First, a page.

Tuesday, October 24, 2006

More Dusty Old Neverhood Stuff...
Here are some of my storyboards for the Weasel Chase movie, the first long cutscene in the game, which was directed and animated by Doug T. It's a shame he doesn't animate anymore -- his stop-mo work was always so funny and full of life.







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11 Comments:

Blogger Ryan said...

That might be my favorite sequence from the entire game. I love the door gag so very very much. Thanks for sharing these, Mike.

9:45 AM, October 25, 2006  
Blogger Citizen Drummond said...

Cool! I remember playing that sequence and laughing. Did Doug write the gags, or was that a team effort?

5:49 PM, October 25, 2006  
Blogger MikeD said...

If memory serves me, Doug talked me through his ruff thumbnails before I started boarding, which I elaborated on as I boarded, which he elaborated even further as he animated. That sort of back and forth, always trying to plus it as we go, that's pretty typical of how Doug T and I work together.

10:50 PM, October 25, 2006  
Blogger Gary Myers said...

-great boards Mike! you should have shown me these before I started on mine. I'm glad you finally gave in and got a blog for yourself now that you've got all this extra time on your hands ;)
And thanks for the plug a couple posts down -seriously.
talk to you soon,
Gary

12:52 AM, October 26, 2006  
Blogger :: smo :: said...

wow mike this is great!!! i'm glad you started a blog! i'm another tennapelite; "smo" from doug's forum.

i'm definitely linking to your blog, i've been a big fan for a long time! Doug told me for your stop motion you keyed on paper and used an onion skinning technique to get it so poppy? it's awesome to see all this behind the scenes work popping up now!

2:08 PM, October 31, 2006  
Blogger MikeD said...

Smo,
Glad you like the blog. I dig the octopus action script stuff on yours.
Yes, I pencil tested most of the Klaymen game animation on paper before animating him in stop-mo, although I used the onion-skin technique more for matching registration poses than for the timing -- which was all worked out on the exposure sheets anyhow. I actually still have all that old pencil animation stored away in stacks of boxes here in my studio.
MikeD

11:07 PM, November 01, 2006  
Blogger Doron Meir said...

Hey man,

Neverhood is to me one of the greatest games ever made in the history of the universe. You people seriously rock!

BTW can you direct me to other things done by the same creative team?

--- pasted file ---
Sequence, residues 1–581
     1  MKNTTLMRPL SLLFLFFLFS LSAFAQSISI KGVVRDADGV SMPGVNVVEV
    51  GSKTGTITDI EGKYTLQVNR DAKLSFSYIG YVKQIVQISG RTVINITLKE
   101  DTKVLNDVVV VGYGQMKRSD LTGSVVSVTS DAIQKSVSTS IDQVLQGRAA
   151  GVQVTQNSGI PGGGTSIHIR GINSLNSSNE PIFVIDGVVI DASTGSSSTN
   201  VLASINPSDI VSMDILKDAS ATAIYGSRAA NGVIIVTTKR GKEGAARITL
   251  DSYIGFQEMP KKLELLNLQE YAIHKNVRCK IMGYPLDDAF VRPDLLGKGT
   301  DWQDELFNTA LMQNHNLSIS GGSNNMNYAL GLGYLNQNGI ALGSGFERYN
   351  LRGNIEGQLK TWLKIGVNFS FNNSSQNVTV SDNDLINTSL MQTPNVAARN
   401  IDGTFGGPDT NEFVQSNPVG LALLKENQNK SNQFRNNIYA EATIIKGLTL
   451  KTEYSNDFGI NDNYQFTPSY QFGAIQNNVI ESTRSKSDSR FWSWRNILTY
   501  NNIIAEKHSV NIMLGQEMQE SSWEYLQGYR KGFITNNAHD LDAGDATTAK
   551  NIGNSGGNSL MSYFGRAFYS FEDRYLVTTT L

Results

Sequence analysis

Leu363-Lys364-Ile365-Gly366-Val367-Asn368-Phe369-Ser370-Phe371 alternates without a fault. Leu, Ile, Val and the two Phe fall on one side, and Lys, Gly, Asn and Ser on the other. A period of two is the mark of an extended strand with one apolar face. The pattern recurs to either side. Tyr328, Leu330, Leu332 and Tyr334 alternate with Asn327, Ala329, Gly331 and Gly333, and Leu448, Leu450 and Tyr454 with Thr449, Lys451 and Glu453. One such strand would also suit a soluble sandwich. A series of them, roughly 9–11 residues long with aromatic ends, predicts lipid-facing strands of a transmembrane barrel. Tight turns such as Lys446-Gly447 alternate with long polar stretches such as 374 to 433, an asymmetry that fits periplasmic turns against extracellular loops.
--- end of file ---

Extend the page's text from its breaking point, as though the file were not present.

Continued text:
Cheers, and thanks for bringing back some sweet memories! = ))

6:59 AM, November 03, 2006  
Blogger MikeD said...

Here's a run down of what the Neverhood team is up to these days:

Doug -- bigshot screenwriter, creator, comic artist, family man
www.tennapel.com
Ed Schofield -- animation director at game studio The Collective www.collectivestudios.com
Mark Lorenzen -- was a programmer at EA, now pursuing a fine art career
Stevie Crow -- senior artist at Blizzard Entertainment www.blizzard.com
Ellis Goodson -- senior character artist at Heavy Iron Studios www.heavy-iron.com
Eric Ciccone -- lead animator at Concrete Games www.concretegames.com
Kenton Leach -- co-owner of software company Ascentix Corporation www.ascentix.com
Tim Lorenzen -- co-owner of software company Ascentix Corporation
Brian Bellfield -- haven't spoken to him in a while, but last time I checked he was a senior programmer at Papaya Studio www.papayastudio.com
Luis Gigliotti -- general manager, Concrete Games
Joe Sanabria -- lead artist, Concrete Games
Vee Jones -- pursuing a fine arts career

9:00 AM, November 03, 2006  
Blogger Squik said...

Oh wow... talk about memories! I read this and jumped onto eBay and found a complete game (the one I bought back in the 90s was loaned out many times... and never came back one day).
That scene was sooo funny. Thanks for the reminder that there is a still a game out there that can actually make you smile :).
Serika

8:24 AM, April 13, 2010  
Blogger Squik said...

Oh... if you are still in contact with Kenton... ask him if he still has the 5 foot blow up platypus :)

8:26 AM, April 13, 2010  
Blogger michael said...

this is how the art of storyboarding is explained - through great examples like this.

And interesting where the links you gave lead to - quite successful companies, as it seems. Nice.

1:47 AM, April 15, 2010  

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